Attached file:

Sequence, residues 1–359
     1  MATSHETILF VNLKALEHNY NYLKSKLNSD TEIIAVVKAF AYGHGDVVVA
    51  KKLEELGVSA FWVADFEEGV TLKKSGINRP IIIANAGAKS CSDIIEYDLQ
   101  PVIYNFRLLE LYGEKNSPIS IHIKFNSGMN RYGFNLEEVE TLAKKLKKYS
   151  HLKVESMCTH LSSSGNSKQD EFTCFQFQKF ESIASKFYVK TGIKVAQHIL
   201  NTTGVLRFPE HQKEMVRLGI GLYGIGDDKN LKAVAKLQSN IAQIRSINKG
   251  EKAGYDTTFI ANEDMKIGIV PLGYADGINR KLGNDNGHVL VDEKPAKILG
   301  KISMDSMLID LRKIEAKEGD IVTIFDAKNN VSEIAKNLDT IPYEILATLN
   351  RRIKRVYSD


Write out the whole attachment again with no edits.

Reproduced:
Sequence, residues 1–359
     1  MATSHETILF VNLKALEHNY NYLKSKLNSD TEIIAVVKAF AYGHGDVVVA
    51  KKLEELGVSA FWVADFEEGV TLKKSGINRP IIIANAGAKS CSDIIEYDLQ
   101  PVIYNFRLLE LYGEKNSPIS IHIKFNSGMN RYGFNLEEVE TLAKKLKKYS
   151  HLKVESMCTH LSSSGNSKQD EFTCFQFQKF ESIASKFYVK TGIKVAQHIL
   201  NTTGVLRFPE HQKEMVRLGI GLYGIGDDKN LKAVAKLQSN IAQIRSINKG
   251  EKAGYDTTFI ANEDMKIGIV PLGYADGINR KLGNDNGHVL VDEKPAKILG
   301  KISMDSMLID LRKIEAKEGD IVTIFDAKNN VSEIAKNLDT IPYEILATLN
   351  RRIKRVYSD